However, with the second way, you’re really practicing for timing (you know roughly how much time you have for each question) and assimilation (to get comfortable with the exam format). So I highly recommend that you simulate exam conditions when doing it.

    What exam conditions specifically?

    Pencils, multiple choice answer template, playing the recordings to include the examiner’s call outs during the exams, etc. Make it like it’s the real exam…so when the real HSK Test comes, you’ll feel just like you’re at home!

    Don’t underestimate nerves…even if your Chinese level is good, but the test conditions and format seem to feel unfamiliar to you, you might lose out on marks. Again, what a shame! Don’t let that happen to you!

  4. Learning to skip questions…temporarily. Unless you’re a true Chinese whizz, there will be parts you don’t get, whether it be listening or reading or writing (more on speaking later). It’s important to learn what to skip.

    As a rule of thumb, the answers should come almost instantly for the listening section, and you shouldn’t need to spend more than 30 seconds per question in reading, and apart from Level 6, no more than 20 seconds writing a sentence, and no more than 5 minutes on the 100 words in Level 5. (If you need help with improving your listening, check out this post.)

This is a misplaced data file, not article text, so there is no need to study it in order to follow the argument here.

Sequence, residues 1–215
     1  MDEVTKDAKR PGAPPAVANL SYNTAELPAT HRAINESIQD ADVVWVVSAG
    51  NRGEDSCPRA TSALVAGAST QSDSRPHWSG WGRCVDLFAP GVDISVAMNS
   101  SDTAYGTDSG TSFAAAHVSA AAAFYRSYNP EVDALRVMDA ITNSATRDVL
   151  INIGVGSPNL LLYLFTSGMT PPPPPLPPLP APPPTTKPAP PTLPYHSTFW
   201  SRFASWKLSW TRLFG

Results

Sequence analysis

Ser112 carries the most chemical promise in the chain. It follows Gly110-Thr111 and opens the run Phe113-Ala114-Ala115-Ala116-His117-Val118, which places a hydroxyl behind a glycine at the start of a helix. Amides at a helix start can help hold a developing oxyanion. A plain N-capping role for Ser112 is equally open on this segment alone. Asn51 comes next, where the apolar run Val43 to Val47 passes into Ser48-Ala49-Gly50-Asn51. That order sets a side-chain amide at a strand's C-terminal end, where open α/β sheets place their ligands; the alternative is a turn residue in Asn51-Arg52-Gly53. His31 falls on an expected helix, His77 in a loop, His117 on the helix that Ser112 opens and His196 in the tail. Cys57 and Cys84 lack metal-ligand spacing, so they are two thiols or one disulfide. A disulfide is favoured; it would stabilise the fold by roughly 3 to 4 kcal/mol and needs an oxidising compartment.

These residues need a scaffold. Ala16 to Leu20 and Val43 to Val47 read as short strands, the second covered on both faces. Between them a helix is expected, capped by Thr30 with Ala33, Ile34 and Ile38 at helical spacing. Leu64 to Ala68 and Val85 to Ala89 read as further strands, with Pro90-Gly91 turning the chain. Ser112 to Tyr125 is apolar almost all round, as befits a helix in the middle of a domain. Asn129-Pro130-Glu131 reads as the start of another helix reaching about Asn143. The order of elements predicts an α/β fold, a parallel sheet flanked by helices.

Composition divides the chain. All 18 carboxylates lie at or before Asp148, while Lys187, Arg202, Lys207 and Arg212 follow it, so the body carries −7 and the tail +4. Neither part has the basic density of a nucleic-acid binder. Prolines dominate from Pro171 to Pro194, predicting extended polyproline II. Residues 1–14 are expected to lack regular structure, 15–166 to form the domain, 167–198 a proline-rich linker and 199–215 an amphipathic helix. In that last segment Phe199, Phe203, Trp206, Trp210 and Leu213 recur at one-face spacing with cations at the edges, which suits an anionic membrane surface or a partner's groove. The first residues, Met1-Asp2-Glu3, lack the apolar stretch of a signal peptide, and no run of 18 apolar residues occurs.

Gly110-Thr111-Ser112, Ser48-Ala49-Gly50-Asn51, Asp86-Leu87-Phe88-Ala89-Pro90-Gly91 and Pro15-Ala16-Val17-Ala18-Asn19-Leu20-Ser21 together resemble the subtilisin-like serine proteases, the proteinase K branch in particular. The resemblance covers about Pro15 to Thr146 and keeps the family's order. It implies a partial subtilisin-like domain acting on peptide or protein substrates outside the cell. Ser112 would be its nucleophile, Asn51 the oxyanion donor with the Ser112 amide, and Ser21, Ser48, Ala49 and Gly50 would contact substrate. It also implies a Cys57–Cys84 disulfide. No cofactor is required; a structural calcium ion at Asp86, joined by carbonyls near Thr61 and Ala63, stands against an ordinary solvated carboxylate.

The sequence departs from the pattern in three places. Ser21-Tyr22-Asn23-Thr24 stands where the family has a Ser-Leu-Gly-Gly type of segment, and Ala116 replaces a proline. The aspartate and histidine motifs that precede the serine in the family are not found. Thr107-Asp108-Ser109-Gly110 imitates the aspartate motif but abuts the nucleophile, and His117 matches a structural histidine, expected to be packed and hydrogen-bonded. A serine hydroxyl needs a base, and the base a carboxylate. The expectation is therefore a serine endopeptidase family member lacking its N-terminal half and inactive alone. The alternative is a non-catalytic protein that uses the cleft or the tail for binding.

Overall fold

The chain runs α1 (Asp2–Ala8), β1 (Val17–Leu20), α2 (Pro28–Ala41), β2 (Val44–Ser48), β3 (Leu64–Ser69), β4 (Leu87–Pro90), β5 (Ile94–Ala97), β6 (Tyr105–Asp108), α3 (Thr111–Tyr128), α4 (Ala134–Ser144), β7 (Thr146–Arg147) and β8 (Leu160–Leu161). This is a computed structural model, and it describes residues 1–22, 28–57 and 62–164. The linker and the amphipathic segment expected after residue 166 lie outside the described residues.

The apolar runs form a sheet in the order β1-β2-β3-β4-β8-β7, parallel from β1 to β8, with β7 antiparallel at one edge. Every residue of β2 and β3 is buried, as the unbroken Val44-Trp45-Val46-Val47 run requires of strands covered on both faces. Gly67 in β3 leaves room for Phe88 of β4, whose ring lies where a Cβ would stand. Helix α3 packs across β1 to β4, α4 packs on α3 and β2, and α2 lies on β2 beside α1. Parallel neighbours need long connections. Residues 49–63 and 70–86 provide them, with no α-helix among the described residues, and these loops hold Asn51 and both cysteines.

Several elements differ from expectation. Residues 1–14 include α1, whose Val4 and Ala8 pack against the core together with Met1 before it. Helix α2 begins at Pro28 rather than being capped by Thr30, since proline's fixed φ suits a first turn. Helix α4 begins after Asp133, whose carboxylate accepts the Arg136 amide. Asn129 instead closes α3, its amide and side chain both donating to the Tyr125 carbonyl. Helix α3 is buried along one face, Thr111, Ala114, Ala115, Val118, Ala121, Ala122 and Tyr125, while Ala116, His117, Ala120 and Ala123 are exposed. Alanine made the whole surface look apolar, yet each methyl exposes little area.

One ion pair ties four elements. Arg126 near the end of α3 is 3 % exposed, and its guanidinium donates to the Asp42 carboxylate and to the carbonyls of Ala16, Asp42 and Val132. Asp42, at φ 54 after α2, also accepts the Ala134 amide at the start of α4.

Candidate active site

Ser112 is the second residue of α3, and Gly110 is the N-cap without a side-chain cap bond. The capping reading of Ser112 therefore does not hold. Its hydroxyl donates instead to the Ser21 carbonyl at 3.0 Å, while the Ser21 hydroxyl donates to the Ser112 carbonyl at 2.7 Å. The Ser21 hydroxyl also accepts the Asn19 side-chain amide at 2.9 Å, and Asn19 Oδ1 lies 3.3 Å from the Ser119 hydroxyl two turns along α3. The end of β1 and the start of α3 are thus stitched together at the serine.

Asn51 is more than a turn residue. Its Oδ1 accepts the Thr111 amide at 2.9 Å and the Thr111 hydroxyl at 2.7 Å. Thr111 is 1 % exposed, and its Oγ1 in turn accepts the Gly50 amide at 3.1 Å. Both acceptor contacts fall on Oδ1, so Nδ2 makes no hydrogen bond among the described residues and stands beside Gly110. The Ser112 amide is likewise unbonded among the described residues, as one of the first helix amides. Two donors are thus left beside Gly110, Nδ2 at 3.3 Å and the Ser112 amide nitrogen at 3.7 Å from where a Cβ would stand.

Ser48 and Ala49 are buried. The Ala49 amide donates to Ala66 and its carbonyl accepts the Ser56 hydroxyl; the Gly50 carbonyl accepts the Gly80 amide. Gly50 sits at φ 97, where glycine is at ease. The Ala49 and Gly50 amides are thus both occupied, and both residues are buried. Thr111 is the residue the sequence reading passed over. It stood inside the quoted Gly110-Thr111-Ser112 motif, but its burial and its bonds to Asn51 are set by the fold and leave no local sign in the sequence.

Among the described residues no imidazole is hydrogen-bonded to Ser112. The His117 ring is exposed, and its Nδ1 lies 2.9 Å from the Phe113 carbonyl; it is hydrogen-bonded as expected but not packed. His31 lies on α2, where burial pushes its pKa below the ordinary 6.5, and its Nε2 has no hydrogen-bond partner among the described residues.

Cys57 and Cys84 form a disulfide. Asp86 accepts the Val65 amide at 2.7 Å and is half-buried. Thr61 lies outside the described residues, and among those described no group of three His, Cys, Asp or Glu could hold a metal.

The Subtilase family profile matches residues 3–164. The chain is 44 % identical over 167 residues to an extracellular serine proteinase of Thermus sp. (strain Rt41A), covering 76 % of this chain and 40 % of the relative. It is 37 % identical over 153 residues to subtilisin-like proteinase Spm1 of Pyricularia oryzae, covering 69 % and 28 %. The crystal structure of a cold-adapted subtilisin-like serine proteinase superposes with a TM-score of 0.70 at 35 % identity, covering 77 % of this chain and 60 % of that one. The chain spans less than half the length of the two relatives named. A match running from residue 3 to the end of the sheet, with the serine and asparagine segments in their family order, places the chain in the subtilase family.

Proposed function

And as you can see, this really is a test of speed!

    Because of that, if you feel like a question is bugging you, let it go and skip it…you can always come back to a question that you’ve skipped, but there’s no getting back time you’ve lost to do other questions.

    Strange as it sounds, it’s important to know when to (temporarily) give up.

  5. How to do the exam. This may just be a personal preference, but I have a way I like to go about multiple choice exams. I personally find it annoying to fill in those answer cards – but because these are checked by machines, you have to shade it well.

    So instead of filling in the answer card at the end of every question, I like to do them in bulk after an entire section of questions. This is more applicable to the reading section, because you’ll have to do that for the listening section anyway (you get five minutes to transfer your answers).